The truth is, you don't.  You could have the ability to prove to yourself that some of these things are truth, but no single person could prove that all of them are truth.  You live as a lifeform for which a faith-based worldview is a physical and psycological requirement for any kind of sane or rational interaction with the rest of humanity.  You must put your faith in someone.  In whom, or what, you choose to believe in says as much about you as what, or whom, you choose to deny.
418  Bitcoin / Bitcoin Discussion / Re: What does the bible say about Bitcoin? on: December 06, 2013, 03:13:52 AM
Steve Jobs thought he was god.  Wink


If that were true, why did he spend so much money and time trying to cure his cancer; rather than willing it out of existance?
419  Economy / Economics / Re: the huge Problem that most people doesn't really understand on: December 06, 2013, 03:11:46 AM
I don't understand what you all propose for these problems? Yes, energy prices are rising, but that's not due to monetary policies so much as it is global demand and increases in federal and state taxation. You think a lot of families can't get into investing because they barely have enough money to make ends meet as it is, but what would happen if we switched to a 100% bitcoin economy? We'd have deflation, and nobody would want to spend any money aside from what they absolutely needed to survive. Companies would stop hiring workers and people would lose their jobs.

There's a whole lot of wrong with this post.  Please spend some time learning about economics and come back.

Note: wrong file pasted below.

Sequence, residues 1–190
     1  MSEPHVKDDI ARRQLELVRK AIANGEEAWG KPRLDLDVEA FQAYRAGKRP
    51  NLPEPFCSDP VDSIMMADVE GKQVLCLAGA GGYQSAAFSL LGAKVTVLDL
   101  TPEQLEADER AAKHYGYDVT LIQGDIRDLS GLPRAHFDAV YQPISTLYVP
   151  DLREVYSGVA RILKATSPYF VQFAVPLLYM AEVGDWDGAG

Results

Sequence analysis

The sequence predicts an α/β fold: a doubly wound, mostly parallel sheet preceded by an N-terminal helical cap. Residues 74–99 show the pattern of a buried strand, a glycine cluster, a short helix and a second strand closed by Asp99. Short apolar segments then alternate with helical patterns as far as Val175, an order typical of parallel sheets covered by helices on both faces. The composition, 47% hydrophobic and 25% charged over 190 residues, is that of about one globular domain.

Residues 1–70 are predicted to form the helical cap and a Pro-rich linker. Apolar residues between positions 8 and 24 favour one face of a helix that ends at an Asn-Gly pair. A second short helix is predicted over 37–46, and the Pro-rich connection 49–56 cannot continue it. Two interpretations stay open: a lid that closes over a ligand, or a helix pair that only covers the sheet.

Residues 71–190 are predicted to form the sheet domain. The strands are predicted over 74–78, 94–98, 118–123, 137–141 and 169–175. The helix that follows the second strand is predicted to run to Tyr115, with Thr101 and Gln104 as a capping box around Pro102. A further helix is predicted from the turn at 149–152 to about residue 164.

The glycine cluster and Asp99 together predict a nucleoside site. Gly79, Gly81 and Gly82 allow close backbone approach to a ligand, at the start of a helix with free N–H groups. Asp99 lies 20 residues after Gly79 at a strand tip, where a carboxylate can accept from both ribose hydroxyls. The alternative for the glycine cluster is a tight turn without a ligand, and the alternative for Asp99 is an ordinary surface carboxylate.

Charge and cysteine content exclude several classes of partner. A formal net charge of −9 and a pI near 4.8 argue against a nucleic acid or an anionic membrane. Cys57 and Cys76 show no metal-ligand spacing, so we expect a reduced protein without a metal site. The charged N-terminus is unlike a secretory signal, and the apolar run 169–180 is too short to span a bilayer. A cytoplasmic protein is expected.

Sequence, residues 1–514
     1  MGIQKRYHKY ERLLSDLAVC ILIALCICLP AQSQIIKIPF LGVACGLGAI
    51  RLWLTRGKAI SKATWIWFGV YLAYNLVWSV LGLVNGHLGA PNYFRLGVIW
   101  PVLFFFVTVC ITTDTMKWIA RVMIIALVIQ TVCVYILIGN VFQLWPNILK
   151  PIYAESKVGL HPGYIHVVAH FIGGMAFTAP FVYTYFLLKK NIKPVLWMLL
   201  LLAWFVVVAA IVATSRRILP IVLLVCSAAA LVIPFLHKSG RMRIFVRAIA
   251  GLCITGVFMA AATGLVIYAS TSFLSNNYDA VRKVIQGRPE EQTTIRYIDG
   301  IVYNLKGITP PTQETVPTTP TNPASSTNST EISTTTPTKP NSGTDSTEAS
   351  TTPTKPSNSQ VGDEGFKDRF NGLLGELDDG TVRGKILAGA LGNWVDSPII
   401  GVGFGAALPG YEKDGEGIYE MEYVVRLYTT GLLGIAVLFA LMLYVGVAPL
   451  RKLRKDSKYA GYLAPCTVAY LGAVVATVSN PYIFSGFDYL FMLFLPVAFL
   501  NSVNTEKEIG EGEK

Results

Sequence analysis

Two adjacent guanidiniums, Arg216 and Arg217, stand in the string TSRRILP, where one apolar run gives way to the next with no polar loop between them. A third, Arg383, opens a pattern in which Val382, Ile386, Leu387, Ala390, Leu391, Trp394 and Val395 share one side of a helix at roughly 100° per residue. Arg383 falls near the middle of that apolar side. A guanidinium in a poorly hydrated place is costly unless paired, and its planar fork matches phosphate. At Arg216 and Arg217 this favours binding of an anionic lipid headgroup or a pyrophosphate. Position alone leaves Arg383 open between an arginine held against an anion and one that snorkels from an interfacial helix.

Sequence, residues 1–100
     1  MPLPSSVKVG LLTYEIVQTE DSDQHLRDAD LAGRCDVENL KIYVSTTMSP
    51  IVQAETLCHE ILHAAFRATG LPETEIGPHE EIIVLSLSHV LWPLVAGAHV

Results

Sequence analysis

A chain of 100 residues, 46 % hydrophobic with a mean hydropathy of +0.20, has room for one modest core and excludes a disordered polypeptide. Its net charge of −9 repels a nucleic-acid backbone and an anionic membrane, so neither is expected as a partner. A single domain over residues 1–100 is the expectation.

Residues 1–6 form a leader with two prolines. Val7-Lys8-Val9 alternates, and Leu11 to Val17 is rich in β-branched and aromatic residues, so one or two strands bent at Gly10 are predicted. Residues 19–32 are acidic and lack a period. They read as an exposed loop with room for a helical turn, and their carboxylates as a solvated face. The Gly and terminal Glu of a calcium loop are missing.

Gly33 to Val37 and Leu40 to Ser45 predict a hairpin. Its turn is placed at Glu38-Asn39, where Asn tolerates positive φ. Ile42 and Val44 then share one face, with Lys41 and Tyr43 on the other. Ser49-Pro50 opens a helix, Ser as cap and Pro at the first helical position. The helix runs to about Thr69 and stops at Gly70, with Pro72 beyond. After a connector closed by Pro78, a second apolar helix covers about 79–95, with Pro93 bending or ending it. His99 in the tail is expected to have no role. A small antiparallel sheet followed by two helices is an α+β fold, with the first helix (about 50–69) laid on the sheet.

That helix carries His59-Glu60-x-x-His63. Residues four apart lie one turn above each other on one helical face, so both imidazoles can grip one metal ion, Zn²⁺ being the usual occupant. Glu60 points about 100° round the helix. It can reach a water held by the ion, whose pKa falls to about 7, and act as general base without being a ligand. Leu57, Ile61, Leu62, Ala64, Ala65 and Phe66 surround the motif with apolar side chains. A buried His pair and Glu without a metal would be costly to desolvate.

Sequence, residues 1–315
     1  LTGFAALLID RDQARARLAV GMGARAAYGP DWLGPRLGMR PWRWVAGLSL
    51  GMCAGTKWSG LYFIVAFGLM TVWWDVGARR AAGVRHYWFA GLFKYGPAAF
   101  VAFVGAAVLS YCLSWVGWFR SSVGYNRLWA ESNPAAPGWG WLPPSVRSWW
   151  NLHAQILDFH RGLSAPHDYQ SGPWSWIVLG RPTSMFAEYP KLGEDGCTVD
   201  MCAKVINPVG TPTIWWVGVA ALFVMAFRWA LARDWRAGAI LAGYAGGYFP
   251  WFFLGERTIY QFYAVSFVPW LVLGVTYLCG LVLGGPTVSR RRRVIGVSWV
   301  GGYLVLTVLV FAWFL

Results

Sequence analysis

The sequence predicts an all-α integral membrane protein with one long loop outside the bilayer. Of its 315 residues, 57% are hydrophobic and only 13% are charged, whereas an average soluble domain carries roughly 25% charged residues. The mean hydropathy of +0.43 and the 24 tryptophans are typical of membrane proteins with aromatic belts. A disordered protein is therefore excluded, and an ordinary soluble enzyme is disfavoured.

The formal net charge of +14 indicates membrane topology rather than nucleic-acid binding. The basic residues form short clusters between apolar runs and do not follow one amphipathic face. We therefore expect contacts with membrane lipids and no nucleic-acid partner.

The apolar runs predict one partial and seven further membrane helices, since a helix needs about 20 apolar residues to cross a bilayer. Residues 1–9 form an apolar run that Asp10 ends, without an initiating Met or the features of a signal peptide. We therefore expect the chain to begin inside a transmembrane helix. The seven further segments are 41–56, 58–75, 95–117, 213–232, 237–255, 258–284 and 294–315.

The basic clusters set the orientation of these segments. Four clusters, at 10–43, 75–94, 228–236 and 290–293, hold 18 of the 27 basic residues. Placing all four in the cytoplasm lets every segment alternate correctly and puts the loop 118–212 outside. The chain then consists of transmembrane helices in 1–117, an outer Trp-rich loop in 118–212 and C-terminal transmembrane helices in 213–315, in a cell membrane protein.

You're actually proposing that a deflationary economy... would create jobs?  Roll Eyes OK, I've had my daily dose of comedy for the day. Thanks, guys.

I'm not proposing any such thing.  History is funny that way.

The 6000 years of a "gold standard" is funny history.  Gold is a deflationary currency unit; as it's availability during any given age is limited to that which has been mined out of the ground, but by comparison to population growth across recorded human history, gold is an increasingly scarce commodity.  At some point in human history, we moved from zero jobs to non-zero jobs.  Since this occured well before the rise of inflationary fiat currencies, then the obvious answer must be that the deflationary nature of currencies, at a minimum, does not prevent jobs from being created.  The realtively short history of infaltionary currencies asl tells us that the infaltionary nature of said currencies, at a minimum, doesn't prevent existing jobs from destruction either.

Perhaps, then, the evidence suggesting a relationship between the inflationary/deflationary nature of the common currency and that of the net creation/destruction of jobs is weak.
420  Economy / Economics / Re: the huge Problem that most people doesn't really understand on: December 06, 2013, 02:56:04 AM
I don't understand what you all propose for these problems? Yes, energy prices are rising, but that's not due to monetary policies so much as it is global demand and increases in federal and state taxation. You think a lot of families can't get into investing because they barely have enough money to make ends meet as it is, but what would happen if we switched to a 100% bitcoin economy? We'd have deflation, and nobody would want to spend any money aside from what they absolutely needed to survive. Companies would stop hiring workers and people would lose their jobs.

There's a whole lot of wrong with this post.  Please spend some time learning about economics and come back.